International Travel During the Pandemic – Opportunities and Challenges for Labs

International Travel During the Pandemic – Opportunities and Challenges for Labs

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Authored by Simon Gordon, Chief Commercial Officer, Accredify

The travel industry, a sector that many once thought to be indomitable, has taken a huge hit in the wake of the COVID-19 pandemic. In a report penned by the International Civil Aviation Organization detailing the economic impact of COVID-19 on the aviation industry, global travel has taken a noticeable beating with 74% fewer international passengers flying in 2020 vs 2019.  

But light at the end of the tunnel is emerging out of the quarantine-gloom. Nations such as United States, Thailand and the United Kingdom are eliminating quarantine restrictions for many vaccinated travellers, whilst other countries such as Singapore and Brunei are following stricter reopening procedures through the implementation of vaccinated-only travel lanes. Slowly but surely, countries are beginning to reopen their borders to travellers. 

However, as a traveller, planning your holiday is a very different state of affairs compared to what it was before the pandemic. A negative pre-departure travel (PDT) COVID-19 test result is now a near ubiquitous mandatory pre-requisite for tourists to begin the first leg of their journey out of their departure country, and nations are enforcing their own rules and requirements to classify travellers into different risk-based groups based on their COVID-vaccination status.  

As a result, medical laboratories around the world are now playing an important role in the travel industry, specifically with regards to issuing COVID-19 PDT results that adhere to the requirements of the traveller’s destination country. But apart from the individualised travel requirements that countries have enforced on inbound tourists, there are still several hurdles that travellers and labs must cross. 

1. Country-specific Formats and Travel Regulations 

Currently in the realm of COVID-19 PDT results, there is no one standard health certificate or standard operating procedure that countries can follow for international travel. As a result, nations are implementing country-specific testing requirements for vaccinated and non-vaccinated travellers, and an increasing number of countries require health declaration documents in their own format.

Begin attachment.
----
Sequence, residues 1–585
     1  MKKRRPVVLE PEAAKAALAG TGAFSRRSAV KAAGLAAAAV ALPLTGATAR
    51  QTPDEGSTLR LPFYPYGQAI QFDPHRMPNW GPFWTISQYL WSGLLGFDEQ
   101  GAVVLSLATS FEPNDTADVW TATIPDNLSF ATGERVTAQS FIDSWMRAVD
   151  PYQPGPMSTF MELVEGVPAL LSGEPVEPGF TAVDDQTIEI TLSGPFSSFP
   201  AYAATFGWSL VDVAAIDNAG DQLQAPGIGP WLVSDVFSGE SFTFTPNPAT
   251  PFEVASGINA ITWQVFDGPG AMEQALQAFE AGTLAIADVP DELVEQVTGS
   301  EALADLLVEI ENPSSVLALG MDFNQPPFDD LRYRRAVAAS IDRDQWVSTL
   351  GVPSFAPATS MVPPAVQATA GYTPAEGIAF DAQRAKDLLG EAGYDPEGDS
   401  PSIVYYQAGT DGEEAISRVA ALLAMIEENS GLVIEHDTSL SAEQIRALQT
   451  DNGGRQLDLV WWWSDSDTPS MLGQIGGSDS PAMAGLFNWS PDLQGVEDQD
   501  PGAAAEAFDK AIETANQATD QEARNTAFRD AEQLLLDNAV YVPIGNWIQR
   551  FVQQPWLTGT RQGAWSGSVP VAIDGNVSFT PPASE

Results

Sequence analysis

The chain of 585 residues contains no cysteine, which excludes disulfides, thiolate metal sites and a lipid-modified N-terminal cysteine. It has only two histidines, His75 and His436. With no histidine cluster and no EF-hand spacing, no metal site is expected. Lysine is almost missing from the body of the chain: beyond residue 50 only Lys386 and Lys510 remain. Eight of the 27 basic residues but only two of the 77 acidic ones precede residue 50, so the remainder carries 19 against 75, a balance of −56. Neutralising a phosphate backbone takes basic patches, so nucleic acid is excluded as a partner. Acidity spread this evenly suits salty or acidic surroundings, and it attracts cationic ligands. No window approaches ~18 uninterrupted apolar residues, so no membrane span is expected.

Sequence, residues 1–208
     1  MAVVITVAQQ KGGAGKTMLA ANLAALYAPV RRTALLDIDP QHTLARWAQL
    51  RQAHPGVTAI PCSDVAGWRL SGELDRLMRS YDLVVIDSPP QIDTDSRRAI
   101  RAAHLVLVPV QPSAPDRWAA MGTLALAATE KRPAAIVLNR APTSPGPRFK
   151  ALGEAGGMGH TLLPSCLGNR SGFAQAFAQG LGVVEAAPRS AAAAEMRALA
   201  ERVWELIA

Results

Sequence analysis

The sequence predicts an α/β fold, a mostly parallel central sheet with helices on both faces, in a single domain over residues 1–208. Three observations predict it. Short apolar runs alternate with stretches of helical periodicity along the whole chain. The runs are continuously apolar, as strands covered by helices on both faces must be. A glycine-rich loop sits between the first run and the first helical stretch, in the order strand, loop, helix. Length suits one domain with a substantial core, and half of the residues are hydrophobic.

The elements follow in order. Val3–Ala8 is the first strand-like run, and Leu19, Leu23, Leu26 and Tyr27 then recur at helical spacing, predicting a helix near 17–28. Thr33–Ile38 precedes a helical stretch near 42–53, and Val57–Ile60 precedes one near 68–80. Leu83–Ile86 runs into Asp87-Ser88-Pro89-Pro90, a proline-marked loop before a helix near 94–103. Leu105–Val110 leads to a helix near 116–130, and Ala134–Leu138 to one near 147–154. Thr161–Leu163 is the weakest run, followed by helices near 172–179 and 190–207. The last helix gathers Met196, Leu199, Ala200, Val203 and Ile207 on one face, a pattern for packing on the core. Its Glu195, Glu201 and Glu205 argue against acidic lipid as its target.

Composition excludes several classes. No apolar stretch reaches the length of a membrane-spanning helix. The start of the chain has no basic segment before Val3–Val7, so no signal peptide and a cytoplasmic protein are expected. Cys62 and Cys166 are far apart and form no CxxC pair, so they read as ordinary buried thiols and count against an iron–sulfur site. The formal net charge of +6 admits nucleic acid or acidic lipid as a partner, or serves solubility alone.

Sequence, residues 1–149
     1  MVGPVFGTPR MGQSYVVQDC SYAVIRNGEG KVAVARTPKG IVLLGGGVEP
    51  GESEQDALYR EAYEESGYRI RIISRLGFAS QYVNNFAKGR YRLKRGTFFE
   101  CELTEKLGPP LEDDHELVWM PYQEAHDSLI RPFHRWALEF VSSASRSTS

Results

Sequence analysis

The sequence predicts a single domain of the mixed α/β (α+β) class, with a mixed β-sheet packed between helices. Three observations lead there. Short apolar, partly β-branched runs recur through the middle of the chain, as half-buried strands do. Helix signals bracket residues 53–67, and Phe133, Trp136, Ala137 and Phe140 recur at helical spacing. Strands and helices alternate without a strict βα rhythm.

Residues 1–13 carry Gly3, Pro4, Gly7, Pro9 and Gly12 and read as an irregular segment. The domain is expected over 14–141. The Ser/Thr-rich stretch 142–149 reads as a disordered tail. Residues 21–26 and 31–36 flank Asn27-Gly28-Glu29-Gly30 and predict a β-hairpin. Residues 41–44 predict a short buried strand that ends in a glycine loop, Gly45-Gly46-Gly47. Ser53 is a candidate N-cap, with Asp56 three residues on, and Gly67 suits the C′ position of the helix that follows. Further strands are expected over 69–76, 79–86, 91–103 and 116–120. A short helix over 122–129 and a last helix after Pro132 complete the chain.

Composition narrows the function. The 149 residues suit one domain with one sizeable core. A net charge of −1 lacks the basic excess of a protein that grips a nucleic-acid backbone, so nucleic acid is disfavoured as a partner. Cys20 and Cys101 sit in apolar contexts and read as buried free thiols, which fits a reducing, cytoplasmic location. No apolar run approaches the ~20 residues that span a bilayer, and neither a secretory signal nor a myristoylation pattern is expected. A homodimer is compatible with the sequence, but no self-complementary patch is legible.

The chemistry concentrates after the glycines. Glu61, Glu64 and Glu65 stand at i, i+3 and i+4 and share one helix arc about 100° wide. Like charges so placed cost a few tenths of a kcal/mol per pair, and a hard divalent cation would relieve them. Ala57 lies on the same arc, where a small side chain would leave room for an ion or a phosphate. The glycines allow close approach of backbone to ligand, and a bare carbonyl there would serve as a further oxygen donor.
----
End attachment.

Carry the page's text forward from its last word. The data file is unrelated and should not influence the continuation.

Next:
For example, Japan requires that an inbound traveller’s COVID-19 health declaration memo consists of both English and Japanese subsections as well as an additional fit-to-fly memo. Whereas China has their own complex rules for vaccinated and unvaccinated groups of travellers.  

Laboratories hence suffer an added burden to ensure that their information systems are equipped with the most updated knowledge on country standards and requirements, which more often than not change every few months.  

2. Disparate Data Travel Standards 

As if things couldn’t get more complicated, in order to speed up operational processes related to authenticating a traveller’s COVID status, airlines themselves are turning to various internationally recognised digital standards to simplify the process of ensuring that an international traveller is COVID-compliant. As of the time this article was written, commonly used standards are The Common Network’s CommonPass, IATA’s Travel Pass, IBM’s Digital Health Pass, and Singapore’s HealthCerts.  

Even so, these standard providers are investing into securing stakeholders for their own seemingly standalone ecosystem. IATA’s Travel Pass is being adopted by a large number of global airlines; CommonPass is more typically used in Europe, and IBM is working with governments in the United States and Germany to deploy their standard. But even so, airlines may not recognise all of the commonly used schemas mentioned above, opting to choose the more widely recognised digital standards. 

This disparity between travel standards could be so huge that a traveller may require two or three different COVID-19 travel memos to travel from Europe to the Middle East and on to Asia Pacific. You can just imagine the uncertainty and confusion that travellers will face if they wanted to even start booking a trip out of their country.  

A visual example of the different passes and standards a traveller must present during their journey.